Post List

  • August 1, 2014
  • 05:25 AM
  • 2 views

Psychologists investigate a major, ignored reason for our lack of sleep - bedtime procrastination

by Christian Jarrett in BPS Research Digest

Short term, lack of sleep scrambles our mental functioning. Long term, the health consequences can be dire. What's stopping us from getting enough?For many, adequate sleep is elusive because of sleep disorders, including varieties of insomnia. For others there are practical challenges - baby care or night shifts, for example. A new study focuses on another major, yet strangely overlooked, reason - bedtime procrastination. You want to go to bed early. You know you need to get to bed. And yet you ........ Read more »

  • August 1, 2014
  • 03:46 AM
  • 3 views

Restricted and repetitive behaviours disappeared? More optimal outcome and autism

by Paul Whiteley in Questioning Answers

Today I'm bringing to your attention the paper by Eva Troyb and colleagues [1] and the quite dramatic assertion: "Reports of current behavior indicated that RRB's [restricted and repetitive behaviors] had almost totally disappeared in the OO [optimal outcomes] group". RRBs just in case you might not know include quite an array of behaviours, some of which might not be considered 'disabling' such as the presence of certain circumscribed interests. Others, such as an insistence........ Read more »

  • August 1, 2014
  • 01:18 AM
  • 2 views

The Evidence from Skull Measurements

by teofilo in Gambler's House

So far in this series of posts on “tracing the connections” between ancient Pueblo sites like Chaco Canyon and modern Pueblos, I’ve discussed evidence from linguistics and folklore, but of course if the issue is determining which modern groups are physically descended from which ancient ones it’s hard to beat evidence from actual physical remains. […]... Read more »

Schillaci, M., & Stojanowski, C. (2002) A Reassessment of Matrilocality in Chacoan Culture. American Antiquity, 67(2), 343. DOI: 10.2307/2694571  

  • July 31, 2014
  • 11:35 PM
  • 4 views

Fall With Dementia and No Change from Baseline Mental Status

by Rogue Medic in Rogue Medic

This happens many times every day. A patient falls and may have hit her head, but there is no change from her normal mental status. To complicate matter, she takes an anticoagulant.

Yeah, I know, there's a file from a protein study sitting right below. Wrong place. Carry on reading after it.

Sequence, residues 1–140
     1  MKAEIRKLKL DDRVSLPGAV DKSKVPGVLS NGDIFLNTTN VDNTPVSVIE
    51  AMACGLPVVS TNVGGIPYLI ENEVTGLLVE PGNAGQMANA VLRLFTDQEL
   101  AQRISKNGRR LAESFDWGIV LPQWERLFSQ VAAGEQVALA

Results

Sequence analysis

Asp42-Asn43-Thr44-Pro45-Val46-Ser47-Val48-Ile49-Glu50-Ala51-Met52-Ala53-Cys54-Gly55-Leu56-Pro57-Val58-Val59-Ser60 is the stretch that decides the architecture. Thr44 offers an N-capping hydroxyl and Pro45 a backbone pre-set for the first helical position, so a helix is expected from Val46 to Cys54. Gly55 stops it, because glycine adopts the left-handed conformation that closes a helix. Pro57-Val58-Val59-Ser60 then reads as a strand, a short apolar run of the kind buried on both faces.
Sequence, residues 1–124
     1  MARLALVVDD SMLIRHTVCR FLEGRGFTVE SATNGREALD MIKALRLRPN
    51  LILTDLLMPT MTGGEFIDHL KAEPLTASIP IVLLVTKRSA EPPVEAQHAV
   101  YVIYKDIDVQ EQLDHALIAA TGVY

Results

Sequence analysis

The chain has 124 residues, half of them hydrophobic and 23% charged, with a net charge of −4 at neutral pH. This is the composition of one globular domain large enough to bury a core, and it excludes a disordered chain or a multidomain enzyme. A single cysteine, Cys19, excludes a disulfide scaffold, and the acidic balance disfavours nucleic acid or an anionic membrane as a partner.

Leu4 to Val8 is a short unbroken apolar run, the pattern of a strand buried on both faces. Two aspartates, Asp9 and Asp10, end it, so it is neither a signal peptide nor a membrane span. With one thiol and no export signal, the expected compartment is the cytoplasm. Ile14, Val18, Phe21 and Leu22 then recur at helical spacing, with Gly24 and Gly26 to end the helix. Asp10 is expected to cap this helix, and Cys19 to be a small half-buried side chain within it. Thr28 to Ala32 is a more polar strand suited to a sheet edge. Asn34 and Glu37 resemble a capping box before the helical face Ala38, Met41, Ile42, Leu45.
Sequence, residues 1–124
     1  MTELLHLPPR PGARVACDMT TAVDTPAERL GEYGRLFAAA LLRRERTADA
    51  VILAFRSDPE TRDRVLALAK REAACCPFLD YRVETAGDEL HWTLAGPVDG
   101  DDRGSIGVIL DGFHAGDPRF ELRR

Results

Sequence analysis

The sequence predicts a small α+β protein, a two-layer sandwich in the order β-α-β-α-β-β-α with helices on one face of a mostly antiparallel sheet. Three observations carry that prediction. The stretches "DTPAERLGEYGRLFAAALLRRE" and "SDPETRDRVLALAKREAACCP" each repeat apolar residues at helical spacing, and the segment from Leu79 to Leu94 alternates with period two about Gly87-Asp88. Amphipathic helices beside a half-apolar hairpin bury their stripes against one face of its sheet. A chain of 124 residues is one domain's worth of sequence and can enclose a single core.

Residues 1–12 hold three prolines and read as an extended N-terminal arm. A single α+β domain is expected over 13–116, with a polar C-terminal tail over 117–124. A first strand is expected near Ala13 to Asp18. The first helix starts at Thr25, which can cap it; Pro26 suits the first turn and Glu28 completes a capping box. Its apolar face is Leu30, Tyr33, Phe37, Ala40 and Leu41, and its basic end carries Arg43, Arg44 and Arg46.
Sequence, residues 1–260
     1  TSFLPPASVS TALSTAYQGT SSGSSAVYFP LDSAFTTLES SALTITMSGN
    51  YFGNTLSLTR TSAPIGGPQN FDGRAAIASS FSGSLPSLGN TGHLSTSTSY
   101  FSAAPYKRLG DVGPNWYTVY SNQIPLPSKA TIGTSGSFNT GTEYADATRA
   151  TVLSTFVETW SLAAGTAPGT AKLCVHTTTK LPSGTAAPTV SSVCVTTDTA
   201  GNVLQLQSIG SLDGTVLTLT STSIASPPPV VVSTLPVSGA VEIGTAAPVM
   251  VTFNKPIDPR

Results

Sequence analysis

There are no clear signs of serious trauma. so should we automatically go to the trauma center?

What can help us decide?... Read more »

  • July 31, 2014
  • 07:18 PM
  • 12 views

Serious Restrictive Eating Disorders Occur at Any Weight

by Tetyana in Science of Eating Disorders


Although the words “anorexia nervosa” typically conjure up images of emaciated bodies, eating disorders characterized by dietary restriction or weight loss can — and do — occur at any weight. However, precisely because anorexia nervosa is associated with underweight, doctors are less likely to identify eating disorders among individuals who are in the so-called “normal” or above normal weight range, even if they have........ Read more »

  • July 31, 2014
  • 07:10 PM
  • 9 views

Twitter Psychosis as a Cultural Artifact

by The Neurocritic in The Neurocritic

The creation of the category “Twitter Psychosis" tells us more about the culture of contemporary psychiatry than it does about the purported dangers of social media overuse. Can Twitter really “cause” psychotic symptoms in predisposed individuals? Or is Twitter merely the latest technical innovation that influences “the form, origin and content of delusional beliefs” (Bell et al., 2005)? Twitter as the new telephone tower, radio waves, microchip implant or personal TV show, if you wil........ Read more »

Kalbitzer J, Mell T, Bermpohl F, Rapp MA, & Heinz A. (2014) Twitter Psychosis: A Rare Variation or a Distinct Syndrome?. The Journal of nervous and mental disease, 202(8), 623. PMID: 25075647  

  • July 31, 2014
  • 05:26 PM
  • 6 views

Functional Neuroimaging’s Neymar Problem

by Neuroskeptic in Neuroskeptic_Discover